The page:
10.9% (88)

Outdoor access

  

Rare

11.5% (49)

P < 10−6

Frequent

23.0% (251)

Number of anthelmintic treatment per year

  

0

23.3% (100)

P = 0.001

1 or 2

22.2% (145)

More than 3

10.4% (18)

Number of other cats in the house

  

0

17.6% (81)

P = 0.001

1 or 2

15.5% (69)

 

3 or more

24.1% (139)

 
Figure 4

Influence of the age on T. cati estimated prevalence, with 95% CI (represented by the whiskers).

Figure 5

Influence of the frequency of treatment against Toxocara, with 95% CI (represented by the whiskers).

All these significant risk factors as determined from univariate analysis were entered in the multiple logistic regression model, to address possible confounding factors and to compute adjusted odds ratios (Table 3).
Table 3

Adjusted odds ratios CI 95 and significance of the p-value (Wald Test) from logistic regression models

 

Toxocara cati

Aelurostrongylus abstrusus

Otodectes cynotis

Ctenocephalides spp.

Center of examination

Maisons-Alfort

0.66 [0.23-1.62]

NS

  

0.30 [0.08-0.82]

*

2.10 [0.97-4.38]

NS (.)

Bari

2.51 [1.29-4.82]

**

0.64 [0.20-1.84]

NS

4.06 [2.75-6.06]

*

0.19 [0.07-0.43]

***

Budapest

1.00

-

1.00

-

1.00

-

1.00

-

Cluj-Napoca

2.81 [1.82-4.39]

***

1.56 [0.64-3.83]

NS

0.45 [0.25-0.76]

**

1.43 [0.90-2.27]

NS

Liege

0.42 [0.12-1.13]

NS

  

0.22 [0.03-0.74]

*

5.30 [2.60-10.66]

***

Madrid

0.75 [0.24-1.97]

NS

  

0.53 [0.19-1.24]

 

0.64 [0.13-0.63]

NS

Nantes

1.30 [0.52-2.95]

NS

  

0.15 [0.02-0.52]

*

4.86 [2.46-9.51]

***

Naples

5.05 [3.07-8.43]

***

4.26 [1.96-9.81]

***

1.73 [1.09-2.74]

*

7.69 [4.60-13.02]

***

Vienna

0.79 [0.28-1.88]

NS

  

0.23 [0.07-0.59]

**

-

-

Age of cats

<6 months

2.12 [1.32-3.44]

**

-

-

0.72 [0.40-1.25]

NS

1.09 [0.62-1.93]

NS

6-24 months

1.00

-

-

-

1.00

-

1.00

-

>24 months

0.64 [0.43-0.93]

*

-

-

0.99 [0.70-1.42]

NS

1.50 [0.99-2.31]

NS

Outdoor access

Rare

0.41 [0.21-0.75]

**

0.22 [0.06-0.55]

**

0.35 [0.23-0.53]

***

0.26 [0.17-0.41]

***

Frequent

1.00

-

1.00

-

1.00

-

1.00

-

Multipet household

Number of other cats in the house

  

Multipet household

 

0

1.34 [0.89-2.01]

NS

  

No

1.11 [0.56-2.09]

*

No

1.25 [0.64-2.36]

NS

 

1-2

1.00

-

  

Yes

1.00

-

Yes

1.00

-

 

≥ 3

2.27 [1.54-3.36]

***

      

Treatments

Anthelmintic treatment per year (nb)

   

Anti-flea treatment per year (nb)

 

0

1.54 [1.05-2.27]

*

   

≤3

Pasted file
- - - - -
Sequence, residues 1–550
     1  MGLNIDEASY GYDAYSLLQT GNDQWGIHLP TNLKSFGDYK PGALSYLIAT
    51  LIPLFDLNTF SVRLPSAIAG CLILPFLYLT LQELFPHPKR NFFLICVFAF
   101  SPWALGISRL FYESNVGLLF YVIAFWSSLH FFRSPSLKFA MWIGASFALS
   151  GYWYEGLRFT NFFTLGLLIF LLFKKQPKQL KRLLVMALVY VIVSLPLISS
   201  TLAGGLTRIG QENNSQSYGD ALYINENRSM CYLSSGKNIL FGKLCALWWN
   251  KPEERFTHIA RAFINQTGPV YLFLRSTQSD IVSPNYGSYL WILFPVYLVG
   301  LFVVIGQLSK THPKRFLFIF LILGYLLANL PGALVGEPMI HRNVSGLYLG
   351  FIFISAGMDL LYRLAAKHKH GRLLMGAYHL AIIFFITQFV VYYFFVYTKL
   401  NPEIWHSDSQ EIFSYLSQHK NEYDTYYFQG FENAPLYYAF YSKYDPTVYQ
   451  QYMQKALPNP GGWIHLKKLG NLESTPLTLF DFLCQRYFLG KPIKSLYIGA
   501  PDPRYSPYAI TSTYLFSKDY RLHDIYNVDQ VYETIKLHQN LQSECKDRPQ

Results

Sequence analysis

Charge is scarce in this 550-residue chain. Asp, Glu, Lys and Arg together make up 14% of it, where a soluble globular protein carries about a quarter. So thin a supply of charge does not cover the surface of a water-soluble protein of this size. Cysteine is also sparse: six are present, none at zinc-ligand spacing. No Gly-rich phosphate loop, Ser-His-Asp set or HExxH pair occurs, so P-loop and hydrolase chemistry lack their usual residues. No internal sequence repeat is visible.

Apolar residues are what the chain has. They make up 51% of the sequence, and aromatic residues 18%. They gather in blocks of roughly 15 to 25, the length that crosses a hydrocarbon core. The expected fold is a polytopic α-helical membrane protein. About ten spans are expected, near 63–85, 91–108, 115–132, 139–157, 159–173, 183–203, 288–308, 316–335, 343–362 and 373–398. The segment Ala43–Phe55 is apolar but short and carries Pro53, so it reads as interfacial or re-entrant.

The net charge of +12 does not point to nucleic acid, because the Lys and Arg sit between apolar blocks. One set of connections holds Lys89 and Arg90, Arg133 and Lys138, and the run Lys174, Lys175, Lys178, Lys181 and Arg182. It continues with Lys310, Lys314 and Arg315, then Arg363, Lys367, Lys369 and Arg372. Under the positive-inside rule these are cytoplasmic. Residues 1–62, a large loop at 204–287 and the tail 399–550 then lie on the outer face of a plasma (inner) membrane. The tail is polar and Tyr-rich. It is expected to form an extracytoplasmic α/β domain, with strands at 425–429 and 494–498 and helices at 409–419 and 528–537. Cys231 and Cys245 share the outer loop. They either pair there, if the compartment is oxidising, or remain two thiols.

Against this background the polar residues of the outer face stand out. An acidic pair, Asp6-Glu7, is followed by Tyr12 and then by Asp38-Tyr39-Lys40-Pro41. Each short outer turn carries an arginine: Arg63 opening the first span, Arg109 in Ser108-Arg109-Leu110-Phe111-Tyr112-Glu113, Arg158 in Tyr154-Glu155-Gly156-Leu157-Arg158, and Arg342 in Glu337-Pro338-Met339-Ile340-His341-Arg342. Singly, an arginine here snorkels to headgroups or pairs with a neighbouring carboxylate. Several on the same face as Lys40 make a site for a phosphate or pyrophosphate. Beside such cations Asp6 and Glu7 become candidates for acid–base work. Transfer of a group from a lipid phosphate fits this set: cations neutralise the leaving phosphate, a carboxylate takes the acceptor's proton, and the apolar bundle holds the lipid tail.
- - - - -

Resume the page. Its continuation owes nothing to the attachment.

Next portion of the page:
1.00

-

 

1-2

1.00

-

   

≥4

0.22 [0.13-0.37]

***

 

≥ 3

10.48 [0.27-0.83]

*

      

Interactions

>24 months + rare outdoor access

  

<6 months + single animal

>24 months + single animal

 

0.30 [0.10-0.81]

*

  

5.36 [1.92-15.23]

**

0.40 [0.17-0.92]

*

***0 < p < 0.001.

**0.001 < p < 0.01.

*0.01 < p < 0.05.

NS 0.05 < p.

(.) 0.05 < p < 0.1.

The modalities taken as references for the statistical analysis are presented in bold.

With an age category of 6–24 months (26.6% positive cats) as a reference, cats older than 24 months (10.9% positive) were at lower risk of being infested with T. cati (adjusted OR 0.64, 95% CI 0.43-0.93), while cats under 6 months (38.1% positive) were at higher risk (adjusted OR 2.12, CI95 1.32-3.44).

Cats with infrequent outdoor access (11.5% positive) were significantly less frequently infested with T. cati than cats having frequent access (23.0% positive) to the outdoors (adjusted OR 0.41, CI95 0.21-0.75).

Compared to the reference center of Budapest (16.7% positive), Naples (34.4%) and Bari (18.7%) presented significant higher frequencies of infestation after adjustment of putative confounding factors (age, outdoor access, multipet household and frequency of anthelmintic treatments). The following examination centers showed no significant differences: Maisons-Alfort (6.3%), Vienna (9.8%), Liège (7.3%), Nantes (12.1%) and Madrid (12.9%).

The risk of being Toxocara positive was significantly higher for cats from households with more than 3 cats (24.1% positive, adjusted OR 2.27, CI95 1.54-3.36).

Regarding the frequency of anthelmintic treatments, cats receiving no treatment were significantly more at risk of Toxocara infestation (23.3%) than cats receiving 1 or 2 treatments per year (22.2%, adjusted OR 1.54, CI95 1.05-2.27), while cats receiving more than 3 treatments per year were significantly less infested (10.4%, adjusted OR 0.48, CI95 0.27-0.83) than the previous group.

Cats over 24 months old and with infrequent outdoor access were significantly less at risk of T. cati infestation than the average (OR = 0.30, CI95 0.10-0.81).

Risk factors for Aelurostrongylus abstrusus infestation

From univariate analysis, significant correlations were found between outdoor access (p = 0.018), location (p <0.001) and A. abstrusus infestation. Age was not significantly related to lungworm infestation.

The risk factors were included all together in a logistic regression model (Table 3). Age was not found to be a significant factor. Cats from the Naples center (9.3% positive) were significantly more often infested than cats from the reference center of Budapest (3.3% positive), while Bari (1.7% positive) and Cluj-Napoca (3.7% positive) centers did not show significant differences. Cats with infrequent outdoor access (1.5% positive) were significantly less at risk than cats with frequent access to the outdoors (5.0% positive) (adjusted OR 0.22, CI95 0.06-0.55).